Great Basin National Park
Great Basin National Park was established in 1986 and is located
in east-central Nevada near the Utah border. The park derives
its name from the Great Basin, the dry and mountainous region
between the Sierra Nevada and the Wasatch Mountains.
Topographically, this area is known as the Basin and Range
Province. The park is located approximately 290 miles north of
Las Vegas and protects 77,000 acres.
The park is notable for its groves of ancient bristlecone pines,
the oldest known non-clonal organisms; and for the Lehman Caves
at the base of 13,063 ft Wheeler Peak. The caves were originally
designated as the Lehman Caves National Monument on January 24,
1922, and they were later incorporated into the national park.
There are a number of developed campsites within the park, as
well as excellent back country camping opportunities. Adjacent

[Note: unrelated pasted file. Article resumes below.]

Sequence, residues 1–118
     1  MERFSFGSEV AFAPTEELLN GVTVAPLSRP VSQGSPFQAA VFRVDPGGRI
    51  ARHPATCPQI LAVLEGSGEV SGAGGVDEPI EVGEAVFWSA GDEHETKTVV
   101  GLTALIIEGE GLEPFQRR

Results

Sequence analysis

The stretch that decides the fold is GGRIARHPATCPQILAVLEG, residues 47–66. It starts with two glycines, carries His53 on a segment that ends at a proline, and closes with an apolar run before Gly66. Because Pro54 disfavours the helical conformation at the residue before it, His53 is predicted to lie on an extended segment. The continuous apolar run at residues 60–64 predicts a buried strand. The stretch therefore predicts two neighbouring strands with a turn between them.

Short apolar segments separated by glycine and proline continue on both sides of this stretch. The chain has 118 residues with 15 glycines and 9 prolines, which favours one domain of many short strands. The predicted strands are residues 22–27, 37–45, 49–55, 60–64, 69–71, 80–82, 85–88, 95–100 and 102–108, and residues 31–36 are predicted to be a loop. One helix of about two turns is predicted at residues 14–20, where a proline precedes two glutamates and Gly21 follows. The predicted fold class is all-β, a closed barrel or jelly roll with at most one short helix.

to Great Basin National Park lies the Highland Ridge Wilderness.
These two protected areas provide contiguous wildlife habitat
and contiguous protection to 227.8 square miles of eastern
Nevada's basin lands.
Great Basin Trails
The park has 12 trails ranging from 0.3 to 13.1 miles.
Trails range from short nature trails at 6,825 feet, to the
Wheeler summit trail starting at 10,160 feet. The Wheeler
Summit trail is quite strenuous, and the altitude presents
significant hazards for unprepared or inexperienced hikers.
Backcountry routes are occasionally maintained throughout
the more remote southern portion of the park. A number of
these trailheads are accessible by the dirt road that
terminates at the primitive Shoshone campground.
Great Basin Visitor Center
The Great Basin Visitor Center, located on Nevada State
Route 487 in the town of Baker, is open daily 8:00 to 4:30
Pacific time, with extended hours in the summer. The Lehman
Caves Visitor Center, located on Nevada State Route 488, is
open daily 8:00 to 4:30 Pacific Time, with extended hours in
the summer. It is 5.5 miles from Baker, Nevada, 0.5 miles
inside the park boundary. Both centers feature exhibits
about the park's geology, natural and cultural history, as
well as theaters with orientation films. The centers are
closed Thanksgiving Day, Christmas Day, and New Years Day.
Great Basin National Park has between 79,000 and 89,000
visitors in a normal year.